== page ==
- Watch Juliette Cherbuliez’s video about Medea. Explain the story of Medea in your own words and hypothesize why it continues to fascinate. Now evaluate how the images called “The Jealousy of Medea” and “Medea musing on the murder of her children” portray Medea. Describe how Beloved updates the Medea myth, using examples from Part One of the novel.
- Consider the illustration of Margaret Garner as the “Modern Medea.” Compare its representation of Garner to Morrison’s depiction of Sethe in Beloved. How are Garner and Sethe similar? In what ways are they different?
- Using the Fugitive Slave Act, the excerpt from Martha Browne Griffin’s autobiography, and the illustrations showing the slave ship, the mother separated from her children, and the shackles, discuss why death may seem better than a life enslaved.
- Identify something you learned from the map of the Underground Railroad. Explain how the illustration captioned “the road to liberty” portrays the Underground Railroad. How does the illustration compare to Sethe’s experience escaping from slavery in Beloved and/or recent representations of African Americans escaping from slavery, such as the film 12 Years a Slave?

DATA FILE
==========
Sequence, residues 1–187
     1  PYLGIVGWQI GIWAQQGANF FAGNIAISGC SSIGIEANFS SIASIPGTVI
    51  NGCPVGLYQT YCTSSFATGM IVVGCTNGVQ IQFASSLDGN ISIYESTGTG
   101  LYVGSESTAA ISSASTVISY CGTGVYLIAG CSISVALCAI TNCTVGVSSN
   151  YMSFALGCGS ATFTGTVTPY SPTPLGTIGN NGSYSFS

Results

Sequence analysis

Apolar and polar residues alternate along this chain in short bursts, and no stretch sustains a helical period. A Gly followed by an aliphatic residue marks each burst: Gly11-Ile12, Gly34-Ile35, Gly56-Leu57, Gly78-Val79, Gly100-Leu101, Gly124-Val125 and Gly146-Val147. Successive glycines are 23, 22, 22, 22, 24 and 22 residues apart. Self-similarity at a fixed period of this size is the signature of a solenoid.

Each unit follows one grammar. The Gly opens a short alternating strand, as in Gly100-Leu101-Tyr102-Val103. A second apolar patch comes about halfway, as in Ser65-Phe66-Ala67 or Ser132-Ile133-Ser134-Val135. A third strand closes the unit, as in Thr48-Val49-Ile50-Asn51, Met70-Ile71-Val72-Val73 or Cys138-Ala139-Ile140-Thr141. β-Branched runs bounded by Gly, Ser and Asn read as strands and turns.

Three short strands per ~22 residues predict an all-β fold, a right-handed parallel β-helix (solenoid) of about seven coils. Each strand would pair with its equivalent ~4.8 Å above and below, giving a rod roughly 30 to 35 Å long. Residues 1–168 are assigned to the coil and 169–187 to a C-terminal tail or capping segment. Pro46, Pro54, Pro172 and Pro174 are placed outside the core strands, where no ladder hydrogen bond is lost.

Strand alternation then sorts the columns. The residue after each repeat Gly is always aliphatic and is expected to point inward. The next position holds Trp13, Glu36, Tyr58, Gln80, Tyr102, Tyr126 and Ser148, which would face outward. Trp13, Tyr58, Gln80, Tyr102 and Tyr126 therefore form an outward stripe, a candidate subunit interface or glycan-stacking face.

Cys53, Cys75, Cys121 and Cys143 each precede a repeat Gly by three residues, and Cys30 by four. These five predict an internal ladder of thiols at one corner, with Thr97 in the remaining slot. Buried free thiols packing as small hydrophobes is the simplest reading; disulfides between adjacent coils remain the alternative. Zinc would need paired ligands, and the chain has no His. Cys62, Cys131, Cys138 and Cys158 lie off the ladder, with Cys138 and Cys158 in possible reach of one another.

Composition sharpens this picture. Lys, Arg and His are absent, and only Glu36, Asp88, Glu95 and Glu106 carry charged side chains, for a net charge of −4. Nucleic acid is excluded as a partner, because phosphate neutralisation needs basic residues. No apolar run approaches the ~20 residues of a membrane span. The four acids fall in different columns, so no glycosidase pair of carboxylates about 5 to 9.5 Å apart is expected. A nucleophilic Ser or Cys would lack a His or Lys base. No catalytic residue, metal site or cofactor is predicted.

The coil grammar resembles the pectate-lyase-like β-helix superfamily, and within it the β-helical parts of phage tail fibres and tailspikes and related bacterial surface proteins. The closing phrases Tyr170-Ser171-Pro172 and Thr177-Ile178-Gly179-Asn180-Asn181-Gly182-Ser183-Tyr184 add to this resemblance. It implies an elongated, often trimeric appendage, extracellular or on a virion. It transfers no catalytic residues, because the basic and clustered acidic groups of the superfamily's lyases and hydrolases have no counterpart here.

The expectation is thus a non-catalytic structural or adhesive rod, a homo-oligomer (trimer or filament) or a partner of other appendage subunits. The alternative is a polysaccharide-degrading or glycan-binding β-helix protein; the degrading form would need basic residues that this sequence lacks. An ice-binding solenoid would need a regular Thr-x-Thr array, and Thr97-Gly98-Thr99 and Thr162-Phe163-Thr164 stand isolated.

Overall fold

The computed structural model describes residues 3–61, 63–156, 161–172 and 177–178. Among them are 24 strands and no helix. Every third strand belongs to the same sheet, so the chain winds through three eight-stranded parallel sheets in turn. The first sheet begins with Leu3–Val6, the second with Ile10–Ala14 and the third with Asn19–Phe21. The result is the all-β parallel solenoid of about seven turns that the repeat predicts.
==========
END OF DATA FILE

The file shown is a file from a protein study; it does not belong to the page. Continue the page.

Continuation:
Sethe is acquitted in Beloved, but was she right to choose death for her children over life in slavery? After students read the novel and review how the primary sources in this set depict enslaved life, ask students to put Sethe on trial to determine whether she is guilty or innocent of the murder of her daughter. Assign students to two teams, prosecution and defense. Each team will argue for Sethe’s guilt or innocence, drawing on evidence from the novel and the primary sources above and evaluating the consequences of the choices available to her.
This teaching guide helps instructors use a specific primary source set, Beloved by Toni Morrison
, in the classroom. It offers discussion questions, classroom activities, and primary source analysis tools. It is intended to spark pedagogical creativity by giving a sample approach to the material. Please feel free to share, reuse, and adapt the resources in this guide for your teaching purposes.